What to listen to now: The Black Madonna, Allison Crutchfield, Dropkick Murphys and more
A weekly roundup of must-hear music from The Times staff.
This week’s picks include a heartbreaking, disco-inspired song from Chicago artist the Black Madonna, as well as Celtic-punk veterans the Dropkick Murphys. Also, catch a bit of Allison Crutchfield’s winning debut.
And if you want to dig into history a little deeper, Randy Lewis takes a spin with a recent Bob Dylan reissue.
The Black Madonna, “He Is the Voice I Hear” (We Still Believe).
From December’s Ghost Ship fire to last weekend’s shootings at the BPM Festival in Mexico (and now, word of William Onyeabor’s death), dance music has seen almost too many funerals to bear. The Chicago producer the Black Madonna — who performed with Robyn at FYF Fest — acknowledges this streak of loss on her sprawling new single, with melancholy disco strings and hymnal piano lines.
But just under the surface, there’s a still a beating kick and buoyant synthesizers to remind listeners of a hope in something more graceful. Faith has always had a place on the club floor, and perhaps it’s more needed now than ever. — August Brown
Dropkick Murphys, “11 Short Stories of Pain & Glory” (Born & Bred)
This rowdy Boston band hasn’t managed to duplicate the mainstream bump it got in 2006 when Martin Scorsese prominently featured its song “I’m Shipping Up to Boston” in his Oscar-winning “The Departed.” (Well, there was that time a few years ago when New Kids on the Block mashed up “Shipping” with “Hangin’ Tough”…)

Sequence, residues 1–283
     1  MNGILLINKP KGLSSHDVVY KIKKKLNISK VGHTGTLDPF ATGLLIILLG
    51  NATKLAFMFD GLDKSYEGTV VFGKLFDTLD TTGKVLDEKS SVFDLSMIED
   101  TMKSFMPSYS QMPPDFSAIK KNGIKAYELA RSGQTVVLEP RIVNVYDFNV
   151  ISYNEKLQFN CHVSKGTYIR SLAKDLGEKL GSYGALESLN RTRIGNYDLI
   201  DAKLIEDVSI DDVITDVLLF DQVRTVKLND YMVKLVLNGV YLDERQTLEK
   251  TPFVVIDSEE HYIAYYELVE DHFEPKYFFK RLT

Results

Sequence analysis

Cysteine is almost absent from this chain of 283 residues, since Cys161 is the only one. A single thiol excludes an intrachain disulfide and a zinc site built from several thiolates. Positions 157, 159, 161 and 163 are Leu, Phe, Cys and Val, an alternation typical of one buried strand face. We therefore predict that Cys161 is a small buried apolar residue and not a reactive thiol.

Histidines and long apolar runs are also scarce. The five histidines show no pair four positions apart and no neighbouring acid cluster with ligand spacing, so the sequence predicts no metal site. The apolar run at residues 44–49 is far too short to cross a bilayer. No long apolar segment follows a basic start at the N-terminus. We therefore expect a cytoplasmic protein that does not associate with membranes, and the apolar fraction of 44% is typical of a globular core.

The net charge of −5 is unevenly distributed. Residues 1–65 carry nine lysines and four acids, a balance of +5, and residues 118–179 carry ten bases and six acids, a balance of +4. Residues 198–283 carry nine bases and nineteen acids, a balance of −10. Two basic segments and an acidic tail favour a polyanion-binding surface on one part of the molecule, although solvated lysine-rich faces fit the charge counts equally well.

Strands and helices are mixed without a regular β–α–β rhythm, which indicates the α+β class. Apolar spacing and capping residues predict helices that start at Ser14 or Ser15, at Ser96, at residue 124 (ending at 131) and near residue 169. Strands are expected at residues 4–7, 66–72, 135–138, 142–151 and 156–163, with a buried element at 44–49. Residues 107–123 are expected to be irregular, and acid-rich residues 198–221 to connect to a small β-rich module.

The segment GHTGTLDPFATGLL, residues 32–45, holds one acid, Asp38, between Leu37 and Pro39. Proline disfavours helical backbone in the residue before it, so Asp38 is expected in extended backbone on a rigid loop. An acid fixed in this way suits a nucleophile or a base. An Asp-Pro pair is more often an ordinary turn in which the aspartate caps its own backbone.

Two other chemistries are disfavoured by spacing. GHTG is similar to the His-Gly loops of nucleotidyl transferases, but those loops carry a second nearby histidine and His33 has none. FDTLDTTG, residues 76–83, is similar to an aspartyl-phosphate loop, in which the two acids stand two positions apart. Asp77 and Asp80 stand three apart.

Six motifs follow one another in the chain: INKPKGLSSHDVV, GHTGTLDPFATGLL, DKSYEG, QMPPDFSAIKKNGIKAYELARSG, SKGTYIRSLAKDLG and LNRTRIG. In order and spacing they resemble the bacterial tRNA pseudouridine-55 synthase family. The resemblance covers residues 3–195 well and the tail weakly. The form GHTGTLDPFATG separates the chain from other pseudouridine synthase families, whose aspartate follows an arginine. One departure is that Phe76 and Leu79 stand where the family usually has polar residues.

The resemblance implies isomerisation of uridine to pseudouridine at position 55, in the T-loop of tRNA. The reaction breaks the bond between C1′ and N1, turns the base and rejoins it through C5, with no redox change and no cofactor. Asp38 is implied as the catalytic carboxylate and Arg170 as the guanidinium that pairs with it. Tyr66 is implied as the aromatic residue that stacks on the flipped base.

But toiling in relative obscurity has hardly led the Dropkick Murphys to go slack: On its ninth full-length, these Celtic-punk bruisers keep their guitars sharp and tempos revved for songs the band’s members have said were inspired in large part by the opioid crisis that’s resulted in the deaths of dozens of their friends. The act even makes a hard-stomping anthem of “You’ll Never Walk Alone,” the Rodgers and Hammerstein show tune taken up recently by the likes of Josh Groban and Susan Boyle. — Mikael Wood
Bob Dylan “The Real Royal Albert Hall 1966 Concert!” (Sony Legacy).
Dylan’s world tour in 1966 was a bona fide game-changer, catching him in the midst of marrying complex, intensely literary lyrics with the power of electrified rock ’n’ roll as laid down by the Hawks, the group that would soon evolve into the Band. For decades, recordings of what was purported to be the Royal Albert Hall performance in London were bootlegged and circulated among Dylan aficionados, until 1998, when Columbia Records issued it in official form. Or so everyone thought.
More recently, tapes from the May 26, 1966 Royal Albert Hall performance were discovered, after musicologists determined that the old bootleg and the 1998 official release actually documented his concert nine days earlier in Manchester, England (at which a disgruntled folk music fan is heard shouting “Judas!”) The set list is the same, but the idiosyncratic performances — the show’s first half solo acoustic, the second half with Hawks blazing and more heckling — differs enough to make this well worth hearing. — Randy Lewis
Allison Crutchfield, “I Don’t Ever Wanna Leave California.” (Merge Records).
This single, from Crutchfield’s upcoming debut for Merge Records, contains one winning line after another: “Darling, you’re too mid-Atlantic,” she sings at the start, and though only Crutchfield likely knows what that means, it sounds like the sort of sharp put-down that would really offend someone. And later, she confesses, “I keep confusing love and nostalgia,” a common fallacy of modern romance. Both lines are delivered with a casual effervescence, as the Alabama native has perfected the art of singing conversationally.
This is lightly strummed folksy rock, sure, and it feels as genial as tea-time — synths lay low, buzzing along for the ride, and a plucky bass carries the melody. “I aspire to live in the present,” Crutchfield sings in the song’s final moments, just before some swooning harmonies recall the pop songs of yore. It conveys a sense of homesickness, while holding fast to the belief that what’s ahead will be better than what’s come before. — Todd Martens
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